Skip to main site content.
Faith Spotted Eagle of the Yankton Sioux Tribe addresses the Inter-American Commission on Human Rights (IACHR) of the Organization of American States (OAS) hearing on "the impact of extractive industries and projects on the human rights of indigenous peoples, focusing on the Dakota Access Pipeline in Washington, D.C., on December 9, 2016. (NICHOLAS KAMM/AFP/Getty Images)


Woman became 1st Native American in U.S. history to receive an Electoral College vote

December 22, 2016

The phenomenon known as a “faithless elector” — an Electoral College voter who casts a vote for someone other than the candidate who won that state’s popular vote — is a rare one. Of course, 2016 being the year of political upheaval that it was, there was much talk of faithless electors, particularly those that might abandon President-elect Donald Trump, when the Electoral College convened on Monday. As it turned out, only a handful of electors bailed on Trump and some bailed on Hillary Clinton. In Washington state, which Clinton carried on Election Day, four electors abandoned Clinton. Three of those faithless electors cast their votes for Colin Powell, and the fourth cast a vote for, interestingly for Faith — 68-year-old Faith Spotted Eagle, to be specific.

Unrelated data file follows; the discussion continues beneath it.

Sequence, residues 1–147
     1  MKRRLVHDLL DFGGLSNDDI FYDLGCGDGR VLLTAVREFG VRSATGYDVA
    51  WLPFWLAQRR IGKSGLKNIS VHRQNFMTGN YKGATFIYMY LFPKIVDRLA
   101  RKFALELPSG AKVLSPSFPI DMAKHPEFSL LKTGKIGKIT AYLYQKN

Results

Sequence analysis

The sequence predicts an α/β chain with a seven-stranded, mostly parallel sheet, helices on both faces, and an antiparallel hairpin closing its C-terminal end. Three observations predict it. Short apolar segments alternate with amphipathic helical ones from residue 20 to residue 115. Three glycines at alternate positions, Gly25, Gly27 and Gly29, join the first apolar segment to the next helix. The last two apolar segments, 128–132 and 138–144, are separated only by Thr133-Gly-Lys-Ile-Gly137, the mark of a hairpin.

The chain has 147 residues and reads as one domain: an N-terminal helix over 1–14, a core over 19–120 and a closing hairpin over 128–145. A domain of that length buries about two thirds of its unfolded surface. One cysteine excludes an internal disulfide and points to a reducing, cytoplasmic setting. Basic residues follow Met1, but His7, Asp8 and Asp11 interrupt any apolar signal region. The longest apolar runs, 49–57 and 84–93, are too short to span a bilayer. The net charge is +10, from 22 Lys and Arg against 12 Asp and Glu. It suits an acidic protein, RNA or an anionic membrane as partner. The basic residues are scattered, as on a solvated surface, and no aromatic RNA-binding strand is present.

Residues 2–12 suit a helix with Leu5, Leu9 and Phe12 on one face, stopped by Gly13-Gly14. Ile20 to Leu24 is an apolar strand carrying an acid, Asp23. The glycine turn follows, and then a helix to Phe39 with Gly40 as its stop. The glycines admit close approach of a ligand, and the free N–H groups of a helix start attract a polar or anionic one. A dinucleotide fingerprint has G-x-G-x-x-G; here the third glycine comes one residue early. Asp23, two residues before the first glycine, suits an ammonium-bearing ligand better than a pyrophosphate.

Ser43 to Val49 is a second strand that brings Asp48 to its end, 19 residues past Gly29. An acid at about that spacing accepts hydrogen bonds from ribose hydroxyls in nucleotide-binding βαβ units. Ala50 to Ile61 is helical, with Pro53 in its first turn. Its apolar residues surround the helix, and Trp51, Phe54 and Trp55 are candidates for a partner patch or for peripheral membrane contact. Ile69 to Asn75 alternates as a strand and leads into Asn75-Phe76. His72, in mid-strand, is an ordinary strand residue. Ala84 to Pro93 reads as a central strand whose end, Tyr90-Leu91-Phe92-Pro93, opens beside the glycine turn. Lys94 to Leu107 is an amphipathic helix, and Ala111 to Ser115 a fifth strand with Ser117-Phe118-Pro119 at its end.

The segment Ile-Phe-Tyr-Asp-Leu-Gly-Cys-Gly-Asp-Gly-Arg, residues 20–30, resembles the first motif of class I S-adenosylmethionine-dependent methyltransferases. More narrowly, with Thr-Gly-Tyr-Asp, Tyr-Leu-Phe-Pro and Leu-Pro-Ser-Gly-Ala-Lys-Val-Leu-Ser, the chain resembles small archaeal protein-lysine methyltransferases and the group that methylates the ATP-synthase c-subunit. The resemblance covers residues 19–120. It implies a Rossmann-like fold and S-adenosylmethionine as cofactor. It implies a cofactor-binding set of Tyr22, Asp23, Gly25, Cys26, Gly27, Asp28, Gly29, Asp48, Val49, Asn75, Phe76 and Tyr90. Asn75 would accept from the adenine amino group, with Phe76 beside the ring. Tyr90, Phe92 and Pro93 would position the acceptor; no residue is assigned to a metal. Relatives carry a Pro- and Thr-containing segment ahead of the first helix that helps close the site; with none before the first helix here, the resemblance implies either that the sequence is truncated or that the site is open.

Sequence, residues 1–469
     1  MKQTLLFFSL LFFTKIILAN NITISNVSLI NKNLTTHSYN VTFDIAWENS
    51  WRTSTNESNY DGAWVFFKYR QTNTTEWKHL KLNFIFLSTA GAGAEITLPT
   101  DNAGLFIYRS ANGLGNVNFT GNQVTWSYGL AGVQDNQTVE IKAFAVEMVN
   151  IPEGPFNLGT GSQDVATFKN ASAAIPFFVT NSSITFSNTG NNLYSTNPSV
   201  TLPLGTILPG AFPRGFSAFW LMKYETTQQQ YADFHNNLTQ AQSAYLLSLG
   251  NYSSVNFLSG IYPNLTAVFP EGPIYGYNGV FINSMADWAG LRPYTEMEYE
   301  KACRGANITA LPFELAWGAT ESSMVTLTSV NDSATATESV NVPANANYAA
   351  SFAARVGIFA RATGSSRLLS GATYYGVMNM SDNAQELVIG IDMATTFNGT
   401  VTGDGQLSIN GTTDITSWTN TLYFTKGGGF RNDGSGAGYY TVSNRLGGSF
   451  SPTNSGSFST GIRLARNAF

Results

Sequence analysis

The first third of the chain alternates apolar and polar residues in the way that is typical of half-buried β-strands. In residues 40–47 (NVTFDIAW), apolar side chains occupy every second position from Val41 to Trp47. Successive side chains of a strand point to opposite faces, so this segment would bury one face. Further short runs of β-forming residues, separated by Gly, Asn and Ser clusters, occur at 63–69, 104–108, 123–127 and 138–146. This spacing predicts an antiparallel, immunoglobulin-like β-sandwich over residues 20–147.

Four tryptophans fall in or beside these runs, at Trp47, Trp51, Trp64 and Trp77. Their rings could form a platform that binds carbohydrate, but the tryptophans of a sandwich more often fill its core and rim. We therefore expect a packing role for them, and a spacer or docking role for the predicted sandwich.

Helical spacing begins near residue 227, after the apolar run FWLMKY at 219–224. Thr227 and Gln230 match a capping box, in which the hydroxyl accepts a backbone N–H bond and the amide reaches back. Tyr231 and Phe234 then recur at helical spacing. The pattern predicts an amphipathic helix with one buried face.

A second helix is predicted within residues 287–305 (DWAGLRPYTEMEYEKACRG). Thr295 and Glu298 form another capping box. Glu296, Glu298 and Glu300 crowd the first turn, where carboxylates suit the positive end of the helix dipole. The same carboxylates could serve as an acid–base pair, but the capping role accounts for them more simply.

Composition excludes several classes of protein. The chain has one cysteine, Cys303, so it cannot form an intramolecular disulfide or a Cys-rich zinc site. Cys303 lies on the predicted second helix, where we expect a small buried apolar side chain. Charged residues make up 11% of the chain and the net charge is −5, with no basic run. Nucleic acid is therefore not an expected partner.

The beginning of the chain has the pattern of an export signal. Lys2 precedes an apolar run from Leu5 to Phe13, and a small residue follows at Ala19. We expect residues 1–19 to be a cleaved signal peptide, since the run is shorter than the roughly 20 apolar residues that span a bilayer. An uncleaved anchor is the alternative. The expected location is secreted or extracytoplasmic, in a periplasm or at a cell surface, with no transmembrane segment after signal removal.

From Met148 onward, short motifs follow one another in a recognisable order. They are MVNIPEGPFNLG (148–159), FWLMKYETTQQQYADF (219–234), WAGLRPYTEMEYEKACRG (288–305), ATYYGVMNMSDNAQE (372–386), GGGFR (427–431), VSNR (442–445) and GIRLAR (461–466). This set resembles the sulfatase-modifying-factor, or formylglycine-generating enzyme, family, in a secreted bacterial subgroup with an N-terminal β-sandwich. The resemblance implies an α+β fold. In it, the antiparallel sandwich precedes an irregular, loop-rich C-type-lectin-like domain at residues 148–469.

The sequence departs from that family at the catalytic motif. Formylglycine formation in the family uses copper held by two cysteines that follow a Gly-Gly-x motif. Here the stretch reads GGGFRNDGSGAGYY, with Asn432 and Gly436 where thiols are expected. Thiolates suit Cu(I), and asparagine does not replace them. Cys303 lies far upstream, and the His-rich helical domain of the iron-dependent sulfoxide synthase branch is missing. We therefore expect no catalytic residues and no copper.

Spotted Eagle, from South Dakota’s Yankton Sioux Reservation, has been an outspoken opponent of the controversial KeyStone XL Pipeline project. The vote for her was meant as a call for attention to the state of the environment, the elector who cast that vote, Robert Satiacum, said. In addition, the vote was a historic one because it is believed to have made Spotted Eagle the first Native American to receive an Electoral College vote for the presidency.

The vote certainly caught Spotted Eagle by surprise. “I thought it was fake news,” she remarked. “I told my daughter, ‘Is this real?’ She said, ‘I think it is.'” Spotted Eagle went on to say that she expects the next four years to be less hospitable for those who are concerned about the environment. “The people coming in are pro-oil, so I think for the next four years we’re going to be in a battle, and I think all of America is going to be in a battle,” she said.

Read the full story at Newser.


Friend and former colleague of Hillary Clinton’s recalls final days of presidential campaign with fondness

Quote from Hillary Clinton’s concession speech was top political tweet of 2016

Hillary Clinton spotted at UNICEF Gala (and in the woods)